Conflict, adaption, and strategic defiance: service providers’ roles in constructing prisoner reentry through role adaption

Document Type

Journal Article

Publication Title

Journal of Crime and Justice

Publication Date



This research explores how service providers experience their work and influence prisoner reentry services. This paper builds on prior knowledge of street-level bureaucrats’ roles and discretionary decisions. Data are derived from 35 in-depth interviews of service providers who work with currently and previously incarcerated people and 240+ h of observations at pre- and post-release reentry assistance programs and service organizations. Findings show that service providers assume various professional roles and identities. Professional roles correspond to discretionary toolkits that include terminology, goals, and definitions of success. Assumed professional roles and discretionary toolkits help service providers efficiently navigate complex work environments and interactions. This research goes beyond the Rule Enforcer, Social Worker, and Bureaucratic Survivalist/Case Manager professional roles identified in previous research of service providers. Reentry service providers also use an Underground Advocate role while conducting reentry service work. The Underground Advocate role is particularly utilized to adapt to negative work conditions, including competing goals, conflict, and limited resources.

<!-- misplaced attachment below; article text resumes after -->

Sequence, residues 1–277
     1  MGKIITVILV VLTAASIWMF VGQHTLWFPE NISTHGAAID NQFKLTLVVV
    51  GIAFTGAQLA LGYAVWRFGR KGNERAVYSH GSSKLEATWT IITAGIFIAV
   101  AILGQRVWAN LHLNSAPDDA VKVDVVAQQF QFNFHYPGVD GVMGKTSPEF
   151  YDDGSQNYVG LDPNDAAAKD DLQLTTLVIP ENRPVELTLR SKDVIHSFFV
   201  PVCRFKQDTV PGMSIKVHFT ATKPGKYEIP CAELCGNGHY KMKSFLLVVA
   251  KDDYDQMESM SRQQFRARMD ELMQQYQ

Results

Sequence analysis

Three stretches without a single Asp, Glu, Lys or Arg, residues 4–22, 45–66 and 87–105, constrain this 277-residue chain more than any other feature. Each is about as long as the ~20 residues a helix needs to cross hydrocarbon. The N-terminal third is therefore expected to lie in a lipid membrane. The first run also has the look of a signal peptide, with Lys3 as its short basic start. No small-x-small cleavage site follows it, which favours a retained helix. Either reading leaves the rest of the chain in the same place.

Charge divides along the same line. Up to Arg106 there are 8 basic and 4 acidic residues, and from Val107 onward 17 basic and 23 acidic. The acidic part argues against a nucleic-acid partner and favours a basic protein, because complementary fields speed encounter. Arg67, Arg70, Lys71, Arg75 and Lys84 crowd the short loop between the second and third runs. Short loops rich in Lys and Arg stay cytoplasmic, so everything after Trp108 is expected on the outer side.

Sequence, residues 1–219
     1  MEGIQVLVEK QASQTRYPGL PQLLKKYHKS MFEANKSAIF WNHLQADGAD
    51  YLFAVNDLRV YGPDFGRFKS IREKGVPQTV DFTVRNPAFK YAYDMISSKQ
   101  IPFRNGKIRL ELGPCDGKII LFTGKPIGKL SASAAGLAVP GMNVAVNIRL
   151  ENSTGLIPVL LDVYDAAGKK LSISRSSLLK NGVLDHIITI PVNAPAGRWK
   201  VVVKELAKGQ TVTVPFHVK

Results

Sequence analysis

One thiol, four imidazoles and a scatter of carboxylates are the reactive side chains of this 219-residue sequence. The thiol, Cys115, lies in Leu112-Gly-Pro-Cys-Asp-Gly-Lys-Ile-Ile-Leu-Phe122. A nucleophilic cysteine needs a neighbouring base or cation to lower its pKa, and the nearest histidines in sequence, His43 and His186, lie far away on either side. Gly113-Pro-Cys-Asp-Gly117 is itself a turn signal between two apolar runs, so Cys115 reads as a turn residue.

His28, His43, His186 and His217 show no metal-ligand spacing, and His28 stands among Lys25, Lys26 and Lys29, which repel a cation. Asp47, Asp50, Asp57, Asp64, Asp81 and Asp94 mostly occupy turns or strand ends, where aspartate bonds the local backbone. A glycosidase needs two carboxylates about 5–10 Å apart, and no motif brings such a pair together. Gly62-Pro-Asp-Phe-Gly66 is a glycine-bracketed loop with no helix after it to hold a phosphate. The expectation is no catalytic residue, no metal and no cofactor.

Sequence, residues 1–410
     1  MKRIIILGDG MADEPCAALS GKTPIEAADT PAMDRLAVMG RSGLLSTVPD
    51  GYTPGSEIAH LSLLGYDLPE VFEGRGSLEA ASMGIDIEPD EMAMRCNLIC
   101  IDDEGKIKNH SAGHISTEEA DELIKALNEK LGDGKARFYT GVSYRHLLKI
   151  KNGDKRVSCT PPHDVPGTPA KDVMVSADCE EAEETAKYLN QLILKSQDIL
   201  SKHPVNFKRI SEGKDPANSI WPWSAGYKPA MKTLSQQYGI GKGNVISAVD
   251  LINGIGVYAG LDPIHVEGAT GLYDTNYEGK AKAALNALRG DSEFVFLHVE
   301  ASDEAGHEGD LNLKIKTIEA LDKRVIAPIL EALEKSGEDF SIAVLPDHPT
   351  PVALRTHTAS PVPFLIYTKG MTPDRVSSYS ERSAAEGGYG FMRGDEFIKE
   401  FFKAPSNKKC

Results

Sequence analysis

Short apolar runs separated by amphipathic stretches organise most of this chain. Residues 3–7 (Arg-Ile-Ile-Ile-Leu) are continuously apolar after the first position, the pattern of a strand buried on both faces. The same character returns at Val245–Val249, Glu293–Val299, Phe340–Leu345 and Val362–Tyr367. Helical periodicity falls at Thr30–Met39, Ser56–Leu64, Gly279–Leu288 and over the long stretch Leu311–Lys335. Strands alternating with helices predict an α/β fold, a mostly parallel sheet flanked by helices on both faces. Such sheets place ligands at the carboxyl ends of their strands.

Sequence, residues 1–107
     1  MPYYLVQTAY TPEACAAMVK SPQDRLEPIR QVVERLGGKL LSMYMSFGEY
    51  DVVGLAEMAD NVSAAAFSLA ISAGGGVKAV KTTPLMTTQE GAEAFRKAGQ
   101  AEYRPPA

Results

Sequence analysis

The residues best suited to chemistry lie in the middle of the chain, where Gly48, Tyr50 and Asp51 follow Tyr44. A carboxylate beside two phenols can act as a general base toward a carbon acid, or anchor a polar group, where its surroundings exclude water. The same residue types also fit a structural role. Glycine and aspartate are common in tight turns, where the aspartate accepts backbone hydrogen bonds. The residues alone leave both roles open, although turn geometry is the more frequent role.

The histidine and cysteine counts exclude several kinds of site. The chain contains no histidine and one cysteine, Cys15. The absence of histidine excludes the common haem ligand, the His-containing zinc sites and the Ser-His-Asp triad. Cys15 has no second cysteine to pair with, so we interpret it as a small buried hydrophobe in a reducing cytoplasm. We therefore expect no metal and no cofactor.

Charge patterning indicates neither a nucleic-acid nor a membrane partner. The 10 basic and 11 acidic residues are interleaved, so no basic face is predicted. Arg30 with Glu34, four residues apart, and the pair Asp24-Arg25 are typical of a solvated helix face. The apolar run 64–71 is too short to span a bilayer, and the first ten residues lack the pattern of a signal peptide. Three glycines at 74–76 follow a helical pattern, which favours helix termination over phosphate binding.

Criminal Justice


Criminology and Criminal Justice